Is There a Bond Bubble Ready to Burst?

With the slide in stocks, investors have been pouring into bonds as a safety measure, causing some to question if there's a bond 'bubble.'

Whether bonds are over-priced and over-owned were the topics of several discussions this week on CNBC, with guests on both sides of the issue.

On Friday, Tony Crescenzi, a senior vp and portfolio manager at PIMCO, which runs the world's largest bond fund, said he didn't see a bubble and that bonds were a good investment.

"We think interest rates will remain low for sometime as will inflation," said Crescenzi, who is also a CNBC.com contributor. "If you think about it, Treasurys are a good insurance against the storm that's hit equities we've seen now and in the past."

However, University of Pennsylvania professor Jeremy Siegel disagreed saying bonds were not providing good enough returns and that a bubble is growing.

"If you look at data on returns bond investors get, we are way below what are historical returns on bonds," said Siegel. "If you buy a long term bond, you have to worry about getting a positive return. I think interest rates and yields are going to go up."

On Wednesday, PIMCO found and co-CIO Bill Gross said that a bond bubble would depend on the rate of inflation.

"If we have a deflationary or even a low inflationary black hole that persists for years to come, then we don't have a bond bubble," Gross said. "However, income from the Treasury market is low and real interest rates are negative so investors should look elsewhere to get more bang for their buck."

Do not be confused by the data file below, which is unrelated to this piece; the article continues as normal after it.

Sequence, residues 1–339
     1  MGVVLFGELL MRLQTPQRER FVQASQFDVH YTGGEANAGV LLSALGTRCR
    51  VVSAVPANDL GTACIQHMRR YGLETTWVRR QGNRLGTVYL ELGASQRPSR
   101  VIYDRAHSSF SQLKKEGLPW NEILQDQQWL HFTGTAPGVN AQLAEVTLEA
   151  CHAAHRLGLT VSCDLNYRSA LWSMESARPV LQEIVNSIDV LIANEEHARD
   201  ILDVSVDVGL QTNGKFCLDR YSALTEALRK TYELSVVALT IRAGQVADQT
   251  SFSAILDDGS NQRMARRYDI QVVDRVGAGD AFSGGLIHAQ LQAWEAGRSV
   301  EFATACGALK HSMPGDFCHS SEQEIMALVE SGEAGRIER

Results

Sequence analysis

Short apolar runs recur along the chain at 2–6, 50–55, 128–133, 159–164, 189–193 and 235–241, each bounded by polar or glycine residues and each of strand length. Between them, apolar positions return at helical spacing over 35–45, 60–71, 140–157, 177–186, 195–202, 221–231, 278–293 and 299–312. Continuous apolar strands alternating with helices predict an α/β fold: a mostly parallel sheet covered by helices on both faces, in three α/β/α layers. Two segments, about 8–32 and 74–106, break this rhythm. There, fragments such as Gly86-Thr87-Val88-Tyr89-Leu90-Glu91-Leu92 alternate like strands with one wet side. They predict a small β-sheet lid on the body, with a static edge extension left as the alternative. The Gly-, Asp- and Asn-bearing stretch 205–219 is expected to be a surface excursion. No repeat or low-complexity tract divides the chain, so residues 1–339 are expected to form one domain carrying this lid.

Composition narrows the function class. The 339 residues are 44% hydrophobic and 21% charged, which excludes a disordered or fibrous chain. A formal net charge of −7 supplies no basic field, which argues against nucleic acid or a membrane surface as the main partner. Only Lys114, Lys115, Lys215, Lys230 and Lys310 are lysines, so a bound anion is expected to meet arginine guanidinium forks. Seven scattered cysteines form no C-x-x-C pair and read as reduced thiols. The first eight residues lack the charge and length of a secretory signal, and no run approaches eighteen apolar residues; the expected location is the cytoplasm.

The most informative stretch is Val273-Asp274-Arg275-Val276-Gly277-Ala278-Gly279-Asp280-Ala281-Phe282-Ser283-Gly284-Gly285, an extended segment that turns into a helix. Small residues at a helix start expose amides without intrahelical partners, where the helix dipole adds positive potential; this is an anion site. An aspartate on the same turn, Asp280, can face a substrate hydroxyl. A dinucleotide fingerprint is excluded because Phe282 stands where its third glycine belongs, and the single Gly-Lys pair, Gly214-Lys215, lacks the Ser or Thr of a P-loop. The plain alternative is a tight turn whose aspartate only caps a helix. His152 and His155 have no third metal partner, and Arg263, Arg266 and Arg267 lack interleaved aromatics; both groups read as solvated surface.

Gross did say moving into bonds is a natural reaction to the economy's up and downs. He sad that PIMCO received a $100 billion inflow of investments into bonds over the last five months.

Another voice saying there was no bond bubble was Robert Kessler founder and CEO of the Kessler Companies, a firm that focuses on Treasurys.

"You don't have a bond bubble, you have a bull market. You have the Japanese and very large buyers including the Federal Reserve buying Treasurys," said Kessler. "It's rare to have any kind of bubble on something that's guaranteed to pay you back at a certain rate at a certain time."

But there was a more cautious note to Kessler's statements from Alison Deans, of Varick Asset Management and a CNBC contributor.

"You won't suffer huge losses buying Treasurys, but you risk losing spending power if you invest so much in bonds," Deans said. "The value of your money will go down if the economy improves and I think it will. I think diversification is best between stocks and bonds. It's a case of not putting all your eggs in one basket."